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Teachers' knowledge and approaches to supporting preterm children in the classroom

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Version 2 2021-12-06, 15:40
Version 1 2021-06-29, 08:06
journal contribution
posted on 2021-12-06, 15:39 authored by Christina Elvert, Samantha Johnson, Julia Jaekel
Background & aims
Teachers in the UK receive little training about the long-term consequences of preterm birth on children's development. Our aim was to assess knowledge and elicit suggestions for improving educational practice in the US by means of a mixed-method study.

Methods
246 US teachers (92.7% female) completed the validated Preterm Birth – Knowledge Scale (PB-KS). Of the participating teachers, 50.9% reported professional experience with preterm born children. A representative subsample of 35 teachers responded to a case vignette by describing how they would support the child in the classroom. Answers were coded using thematic content analysis.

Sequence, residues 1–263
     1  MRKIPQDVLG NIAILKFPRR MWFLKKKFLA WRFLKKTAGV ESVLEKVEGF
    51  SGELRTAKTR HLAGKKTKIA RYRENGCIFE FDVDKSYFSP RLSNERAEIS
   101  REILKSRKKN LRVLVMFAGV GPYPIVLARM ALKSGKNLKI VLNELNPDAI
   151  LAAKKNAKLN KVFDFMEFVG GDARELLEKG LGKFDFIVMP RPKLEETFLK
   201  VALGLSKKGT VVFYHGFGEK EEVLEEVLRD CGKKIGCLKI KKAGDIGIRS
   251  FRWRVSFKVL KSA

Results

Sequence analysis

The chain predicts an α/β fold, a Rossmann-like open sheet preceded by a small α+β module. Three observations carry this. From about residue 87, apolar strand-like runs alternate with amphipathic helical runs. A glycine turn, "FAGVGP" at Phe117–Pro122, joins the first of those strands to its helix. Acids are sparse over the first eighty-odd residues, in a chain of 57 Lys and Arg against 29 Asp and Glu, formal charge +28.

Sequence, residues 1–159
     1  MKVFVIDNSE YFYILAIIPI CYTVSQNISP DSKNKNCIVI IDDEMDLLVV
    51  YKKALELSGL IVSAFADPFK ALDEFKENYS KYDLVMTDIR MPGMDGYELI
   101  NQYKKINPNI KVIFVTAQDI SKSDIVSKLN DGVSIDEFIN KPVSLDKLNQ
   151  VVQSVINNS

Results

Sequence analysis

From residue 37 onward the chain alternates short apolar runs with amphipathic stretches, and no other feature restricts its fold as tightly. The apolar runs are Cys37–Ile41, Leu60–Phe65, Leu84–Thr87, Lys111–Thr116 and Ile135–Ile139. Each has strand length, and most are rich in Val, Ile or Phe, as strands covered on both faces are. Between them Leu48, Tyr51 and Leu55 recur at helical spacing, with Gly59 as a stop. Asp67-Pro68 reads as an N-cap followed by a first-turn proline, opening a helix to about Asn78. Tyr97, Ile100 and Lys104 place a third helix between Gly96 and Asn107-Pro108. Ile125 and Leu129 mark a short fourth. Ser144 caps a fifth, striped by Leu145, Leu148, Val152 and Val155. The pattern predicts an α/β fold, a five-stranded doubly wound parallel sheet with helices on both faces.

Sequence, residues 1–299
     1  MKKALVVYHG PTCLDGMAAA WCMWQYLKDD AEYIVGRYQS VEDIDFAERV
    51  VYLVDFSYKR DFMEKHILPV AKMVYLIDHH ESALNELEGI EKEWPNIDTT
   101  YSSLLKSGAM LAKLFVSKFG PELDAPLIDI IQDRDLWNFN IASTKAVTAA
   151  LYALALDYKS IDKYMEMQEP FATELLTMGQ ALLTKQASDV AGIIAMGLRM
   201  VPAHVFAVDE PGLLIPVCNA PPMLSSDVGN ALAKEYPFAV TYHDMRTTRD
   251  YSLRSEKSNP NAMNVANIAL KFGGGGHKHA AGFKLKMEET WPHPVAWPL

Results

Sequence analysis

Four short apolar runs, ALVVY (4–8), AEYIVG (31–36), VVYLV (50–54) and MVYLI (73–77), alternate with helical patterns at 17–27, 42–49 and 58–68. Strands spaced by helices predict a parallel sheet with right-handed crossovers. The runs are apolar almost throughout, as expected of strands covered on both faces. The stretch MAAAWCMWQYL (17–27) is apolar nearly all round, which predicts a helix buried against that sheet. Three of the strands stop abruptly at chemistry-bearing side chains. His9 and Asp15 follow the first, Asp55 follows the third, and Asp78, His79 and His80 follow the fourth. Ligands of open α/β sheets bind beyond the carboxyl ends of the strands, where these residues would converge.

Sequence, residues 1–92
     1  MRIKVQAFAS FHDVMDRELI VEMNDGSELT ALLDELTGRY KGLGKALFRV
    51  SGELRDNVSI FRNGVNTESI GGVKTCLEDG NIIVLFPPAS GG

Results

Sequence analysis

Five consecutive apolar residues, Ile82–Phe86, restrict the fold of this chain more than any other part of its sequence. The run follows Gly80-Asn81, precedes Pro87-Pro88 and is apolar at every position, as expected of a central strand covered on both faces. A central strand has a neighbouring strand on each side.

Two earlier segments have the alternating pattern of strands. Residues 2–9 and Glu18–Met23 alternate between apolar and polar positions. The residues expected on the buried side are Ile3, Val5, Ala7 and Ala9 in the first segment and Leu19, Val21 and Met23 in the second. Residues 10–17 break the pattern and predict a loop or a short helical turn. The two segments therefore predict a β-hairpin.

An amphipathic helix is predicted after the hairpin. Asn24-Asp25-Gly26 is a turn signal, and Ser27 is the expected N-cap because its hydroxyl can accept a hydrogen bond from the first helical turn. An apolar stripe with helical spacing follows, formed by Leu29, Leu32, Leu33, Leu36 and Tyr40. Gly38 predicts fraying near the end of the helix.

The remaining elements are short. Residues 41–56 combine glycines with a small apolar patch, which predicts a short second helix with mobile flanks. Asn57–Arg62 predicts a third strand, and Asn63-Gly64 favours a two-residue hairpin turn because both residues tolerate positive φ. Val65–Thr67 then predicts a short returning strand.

Results
Overall, the mean PB-KS score was 15.21 (SD = 5.31). Participating teachers who had professional experience with a preterm child had higher mean PB-KS scores than teachers without (16.95 vs. 15.24, p = .012). Qualitative responses provided specific content for classroom intervention.

Conclusions
Our findings show that US teachers have limited knowledge of the long-term impact of preterm birth. They provided important indicators for the design of targeted classroom interventions to support the learning of preterm children.

History

Citation

Early Human Development Volume 159, August 2021, 105415

Author affiliation

Department of Health Sciences, University of Leicester

Version

  • AM (Accepted Manuscript)

Published in

Early Human Development

Volume

159

Publisher

Elsevier

issn

0378-3782

Acceptance date

2021-06-15

Copyright date

2021

Available date

2022-06-22

Language

en

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